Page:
Vancouver Canucks v Boston Bruins - Game Three

Question: Would Horton still be playing if the NHL handled things earlier in the Cup Final?

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There have been two prevailing philosophies in the wake of Aaron Rome’s ill-fated hit on Nathan Horton. On one side of the fence, there are those who think the incident could have been avoided if the NHL took action at the beginning of the series to make sure things didn’t get out of hand. Since the hit was not properly dealt with by the league, the situation escalated and peaked with the charged atmosphere of Game 3.

For the opposing viewpoint, there are those who think the Burrows incident may have been shameful, but it had nothing to do with the disastrous hit that led Horton to Massachusetts General Hospital. Alex Burrows antics may have led to misbehavior in Game 2 and 3, but had nothing to do with the merciless hit delivered by Aaron Rome.

Hall of Fame columnist Helene Elliott of the LA Times thinks Rome’s hit in Game 3 could have been avoided had the league executed some discipline earlier in the series:

“(Rome’s hit) might have been avoided had Murphy established control by suspending Vancouver’s Alex Burrows for biting the fingers of Boston’s Patrice Bergeron in Game 1 or punished Vancouver’s Maxim Lapierre for putting his fingers near Bergeron’s mouth in a taunting fashion in Game 2. When Game 3 disintegrated, Bruins forwards Mark Recchi and Milan Lucic joined the juvenile pranks, taunting and wagging fingers at the Canucks.

“I will be speaking with both general managers and coaches before the day’s over about what we are seeing, the garbage that is going on, some of the issues,” Murphy said Tuesday during a news conference.

Just like Rome’s hit, Murphy’s lecture came a little too late.”

Not everyone shares Elliott’s opinion. Neither Comcast New England’s Joe Haggerty, nor Bruins’ head coach Claude Julien think the events are related.

“There is no correlation between the post-whistle shenanigans practiced by the Bruins and Canucks in the first three games of the series, and the predatory, reckless hit by Rome that’s ended Horton’s season. That was a piece of hockey violence born from two teams fighting for the same Stanley Cup.

It’s a major leap to say the Horton hit was caused by anything else other than a random act of violence in the playoffs that has left another B’s player dazed, confused and unsure of where he is. Julien won’t take that leap. He’s watched years and years of playoff hockey where borderline hits, broken bones and even biting all have their place within the game.

“I don’t think one links to the other,” said Julien. “What you see with the extra pushes and shoves after whistles are things you see in the playoff finals with the intensity. The referees have done a pretty good job of controlling that. I don’t see an issue there. The physicality of the game has to stay there.”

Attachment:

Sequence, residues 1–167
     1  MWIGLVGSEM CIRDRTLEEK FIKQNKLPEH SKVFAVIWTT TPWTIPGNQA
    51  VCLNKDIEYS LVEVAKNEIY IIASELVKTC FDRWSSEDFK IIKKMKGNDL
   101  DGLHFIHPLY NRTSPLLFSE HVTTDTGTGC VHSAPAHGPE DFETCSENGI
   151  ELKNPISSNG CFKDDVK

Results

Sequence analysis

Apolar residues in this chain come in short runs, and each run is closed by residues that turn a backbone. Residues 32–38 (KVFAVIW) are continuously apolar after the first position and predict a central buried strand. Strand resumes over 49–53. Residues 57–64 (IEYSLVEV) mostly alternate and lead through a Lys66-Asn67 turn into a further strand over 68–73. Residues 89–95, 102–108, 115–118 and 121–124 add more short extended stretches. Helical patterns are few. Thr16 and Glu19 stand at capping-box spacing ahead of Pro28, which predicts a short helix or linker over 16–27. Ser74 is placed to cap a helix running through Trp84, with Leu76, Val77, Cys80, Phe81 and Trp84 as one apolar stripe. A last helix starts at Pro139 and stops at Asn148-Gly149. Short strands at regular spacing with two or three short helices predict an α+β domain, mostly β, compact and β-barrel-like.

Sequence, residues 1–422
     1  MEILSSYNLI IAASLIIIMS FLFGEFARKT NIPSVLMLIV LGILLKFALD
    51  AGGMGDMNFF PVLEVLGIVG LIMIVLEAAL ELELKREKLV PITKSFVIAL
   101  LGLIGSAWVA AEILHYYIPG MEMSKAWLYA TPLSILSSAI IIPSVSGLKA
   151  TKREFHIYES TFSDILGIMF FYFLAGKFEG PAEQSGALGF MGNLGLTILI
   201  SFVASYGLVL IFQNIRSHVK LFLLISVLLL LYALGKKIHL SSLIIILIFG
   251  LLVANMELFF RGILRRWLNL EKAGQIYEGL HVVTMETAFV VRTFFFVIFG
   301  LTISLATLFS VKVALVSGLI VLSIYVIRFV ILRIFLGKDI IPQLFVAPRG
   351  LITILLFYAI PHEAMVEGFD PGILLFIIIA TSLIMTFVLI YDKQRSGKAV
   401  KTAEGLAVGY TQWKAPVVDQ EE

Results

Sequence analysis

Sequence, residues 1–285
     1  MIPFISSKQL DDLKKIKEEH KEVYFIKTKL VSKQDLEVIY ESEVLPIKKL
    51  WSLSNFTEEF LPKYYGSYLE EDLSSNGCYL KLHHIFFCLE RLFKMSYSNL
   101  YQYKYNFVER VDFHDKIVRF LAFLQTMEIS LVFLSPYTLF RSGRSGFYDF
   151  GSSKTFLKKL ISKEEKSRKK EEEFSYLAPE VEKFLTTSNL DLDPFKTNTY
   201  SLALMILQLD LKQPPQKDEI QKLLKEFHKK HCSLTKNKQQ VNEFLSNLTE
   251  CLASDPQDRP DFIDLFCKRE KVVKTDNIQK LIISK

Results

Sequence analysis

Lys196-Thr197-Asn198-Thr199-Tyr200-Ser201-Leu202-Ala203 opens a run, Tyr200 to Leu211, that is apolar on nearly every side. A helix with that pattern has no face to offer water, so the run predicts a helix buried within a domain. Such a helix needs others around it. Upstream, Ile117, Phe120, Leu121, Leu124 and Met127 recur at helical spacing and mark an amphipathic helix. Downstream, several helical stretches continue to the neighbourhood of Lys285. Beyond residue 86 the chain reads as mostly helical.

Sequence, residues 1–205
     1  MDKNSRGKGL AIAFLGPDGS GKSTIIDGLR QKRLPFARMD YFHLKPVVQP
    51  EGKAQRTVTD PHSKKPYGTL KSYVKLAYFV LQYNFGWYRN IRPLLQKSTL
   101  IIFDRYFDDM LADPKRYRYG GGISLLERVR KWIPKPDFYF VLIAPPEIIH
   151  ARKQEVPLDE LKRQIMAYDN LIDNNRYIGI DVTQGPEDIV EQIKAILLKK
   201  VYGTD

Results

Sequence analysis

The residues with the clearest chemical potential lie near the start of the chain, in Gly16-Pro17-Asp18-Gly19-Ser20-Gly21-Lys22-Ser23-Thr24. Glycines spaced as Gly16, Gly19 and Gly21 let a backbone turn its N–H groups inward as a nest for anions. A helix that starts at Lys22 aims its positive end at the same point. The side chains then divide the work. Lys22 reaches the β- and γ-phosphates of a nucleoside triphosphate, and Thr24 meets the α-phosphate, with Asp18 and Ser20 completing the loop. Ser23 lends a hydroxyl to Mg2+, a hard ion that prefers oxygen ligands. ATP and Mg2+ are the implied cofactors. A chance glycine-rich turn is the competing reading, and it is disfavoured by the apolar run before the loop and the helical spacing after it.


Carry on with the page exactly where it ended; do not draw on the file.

While it’s understandable to see where Elliott is coming from, Aaron Rome would still have made the same play whether Alex Burrows was suspended or not after Game 1. One play has nothing to do with the other. As Haggerty states, it was “born from two teams fighting for the Stanley Cup.” Rome made an open-ice hit—albeit extremely late. Regardless, it’s a split-second decision that is made in a fast-paced game. He didn’t have time to sit back and contemplate whether he’d receive less punishment because the standard had already been set so low. As much as fans (and I) have come to hate the term, he was trying to make “a hockey play.” Obviously, he failed and that’s why he’ll miss the rest of the series.

Even though the lack of response from the league office had nothing to do with the Rome hit, it has certainly adversely affected the rest of the series. If Murphy and Co. took care of business after the first game, all of the embarrassing finger waging by both teams could have been avoided. Chances are Maxim Lapierre doesn’t taunt Patrice Bergeron in the same manner; likewise, Milan Lucic and Mark Recchi aren’t caught doing the exact same thing in Game 3.

But it still had nothing to do with Aaron Rome’s hit on Nathan Horton.

What do you think? Do you think the league contributed to a toxic atmosphere in Game 3 where Aaron Rome lost control? Was Rome’s hit completely unrelated to the rest of the series? What say you?

Goalie nods: Backup extraordinaire Montoya gets the call versus Wings

Florida Panthers goalie Al Montoya watches game action against the New Jersey Devils' during the second period of a NHL hockey game in Sunrise, Fla., Saturday, Oct. 11, 2014. (AP Photo/J Pat Carter)